Tracking down those connections

Locating IP addresses

ip map paul fenwick
flickr / Paul Fenwick (Creative Commons BY or BY-SA)

Whether you're looking at firewall logs or connections to your web servers, one interesting question that you might just be asking yourself is "Where are all these connectins coming from?". There are plenty of web sites that can help you pinpoint the location of an IP address, but this isn't necessarily covenient if you want to track down 7,342 of them. Well, happily for those of us who sometimes need to evaluate where connections are coming from, there are some easy, fairly efficient, and inexpensive options.

One way to get geolocation information for your visitors (of the welcome or the unwelcome variety) is to try a reverse lookup of the addresses but, alas, almost none of the addresses that you're like to be curious about will be set up with PTR (pointer) records. Another option is to map the address to a range of IPs that has a known location. To do this, you might consider acquiring extensive information on IP address ranges from an organization such as IP2location. This kind of data can pinpoint IP addresses not just to particular countries, but to states, cities, zipcodes, latitude/longitude values, etc.

IP2Location claims to be supporting IP address lookups for 249 countries (as recognized in ISO 3166) with 99.5% accuracy at the country level detection and greater than 75% of accuracy in city level. I don't know what other organizations might provide this kind of data as well, but I found the data quite easy to understand and use.

My sample data looks like this:

"851712432","851712495","US","UNITED STATES","OREGON","PORTLAND"
"851718216","851718223","US","UNITED STATES","PENNSYLVANIA", "HATFIELD"

This particular database service level obviously goes down to the country/state/city level. But what hit me right away was how accessible it is. Those really big numbers that you see are just IPv4 addresses expressed as decimal numbers. The conversion from IPv4 to decimal and back again isn't all that difficult and there are probably plenty of tools available to do this kind of conversion, but I wanted to think through the process on my own. So, I started out with this Perl syntax to convert an IPv4 address into its decimal equivalent.

my @octets=split /\./, $IP;
$decIP=$octets[3] + $octets[2]*256 + $octets[1]*256*256 + $octets[0]*256*256*256;
print "$decIP\n";

What we're doing here is simply taking each byte in the IPv4 address and evaluating its decimal value. First we split on the IP address, sticking the four octets into an array. Then, starting with the rightmost octet (the lowest level) byte, we add each byte's value to the $decIP variable. Sure, I could have used used 65536 instead of 256*256 and 16777216 instead of 256*256*256 to save Perl from having to multiply for me, but I like the look of this for making it so obvious what we're doing and why.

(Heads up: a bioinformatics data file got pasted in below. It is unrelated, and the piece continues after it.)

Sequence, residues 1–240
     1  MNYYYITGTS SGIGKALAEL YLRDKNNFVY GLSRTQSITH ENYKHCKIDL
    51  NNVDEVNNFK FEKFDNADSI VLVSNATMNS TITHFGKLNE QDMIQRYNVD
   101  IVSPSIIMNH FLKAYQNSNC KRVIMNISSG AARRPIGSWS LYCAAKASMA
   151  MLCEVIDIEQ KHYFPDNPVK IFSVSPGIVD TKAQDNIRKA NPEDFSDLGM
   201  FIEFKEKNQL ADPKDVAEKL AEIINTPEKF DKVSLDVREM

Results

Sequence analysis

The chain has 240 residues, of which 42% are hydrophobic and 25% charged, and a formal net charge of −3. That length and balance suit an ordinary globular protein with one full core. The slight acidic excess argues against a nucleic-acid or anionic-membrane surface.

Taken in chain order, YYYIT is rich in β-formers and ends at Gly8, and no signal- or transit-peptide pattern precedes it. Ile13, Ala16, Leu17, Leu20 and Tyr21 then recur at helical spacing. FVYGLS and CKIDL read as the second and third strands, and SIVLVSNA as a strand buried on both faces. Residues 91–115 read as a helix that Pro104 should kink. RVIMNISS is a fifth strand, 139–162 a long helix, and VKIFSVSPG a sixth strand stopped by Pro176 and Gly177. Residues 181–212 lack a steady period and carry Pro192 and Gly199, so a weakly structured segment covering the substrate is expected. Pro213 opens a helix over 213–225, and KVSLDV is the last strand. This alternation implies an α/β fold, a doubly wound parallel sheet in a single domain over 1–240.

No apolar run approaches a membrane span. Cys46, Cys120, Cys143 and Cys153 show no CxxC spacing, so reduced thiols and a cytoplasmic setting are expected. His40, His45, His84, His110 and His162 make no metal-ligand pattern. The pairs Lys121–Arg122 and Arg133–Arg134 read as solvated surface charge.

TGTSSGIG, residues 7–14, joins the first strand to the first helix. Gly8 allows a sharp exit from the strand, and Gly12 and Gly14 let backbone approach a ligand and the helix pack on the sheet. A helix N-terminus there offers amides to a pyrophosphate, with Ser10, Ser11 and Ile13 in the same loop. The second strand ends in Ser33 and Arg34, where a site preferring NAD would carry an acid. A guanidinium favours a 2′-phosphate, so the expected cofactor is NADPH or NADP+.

Here's an example converting the loopback address:

$ convertIP2Dec

To do the reverse, we could take the decimal representation of an IP address and figure out the size of each octet. Here we start with the highest value octet and figure out how much it contributes to the decimal value by dividing the full decimal value by 16777216 (256*256*256) and then rounding down the result. Then we figure what's left of the original value and move to the processing next smaller octet.

#!/bin/perl -w


print "decimal IP> ";
chomp ($decIP = <STDIN>);

$p4=$decIP / $octet4;
$rounded = int($p4);

$p3=$decIP / $octet3;
$rounded = int($p3);
$IP=$IP . ".$rounded";

$p2=$decIP / $octet2;
$rounded = int($p2);
$IP=$IP . ".$rounded";

$IP=$IP . ".$decIP";
print "$IP\n";

Trying the address shown above for Hatfield, PA above, we get this:

$ convertDec2IP
decimal IP> 851718216

Once you have your converters ready, you can take an IP that you're wondering about and find where it fits in the IP2location listing. In the script below, we're calculating the decimal version of an IP address entered as an argument and then running through the IP2location list to find the entry representing the range of IP addresses into which it fits. The @regs array ends up being filled with the low IP, high IP, country code, country name, state and city values. I'm only display the last three of these, but you could easily choose to display all of them if that proved helpful.

#!/bin/perl -w

if ($#ARGV < 0) {
    print "Enter IP> ";
} else {

my @octets=split /\./, $IP;
$newIP=$octets[3] + $octets[2]*256 + $octets[1]*256*256 + $octets[0]*256*256*256;


while ( <IPLIST> ) {
    next if /^\"0\"/;
    my @regs=split /,/, $_;
    if ($newIP >= $regs[0] && $newIP <= $regs[1]) {
# display location print "$regs[3],$regs[4],$regs[5]\n"; exit; } }

The interaction would look something like this:

$ findIP

This script could easily be converted to one that runs through a file of IP addresses and locates each one.

The IP2location folks offer databases with different levels of detail and various options for developers, but I enjoyed discovering how easily this kind of data could be used to pinpoint the location of systems connecting to (or trying to connect to) systems that I manage.

Sometimes understanding where your customers or your potential attackers are coming from can be valuable.

As for the image used with this post, it seems that tube stations in London might just have their own IP addresses. How cool is that?

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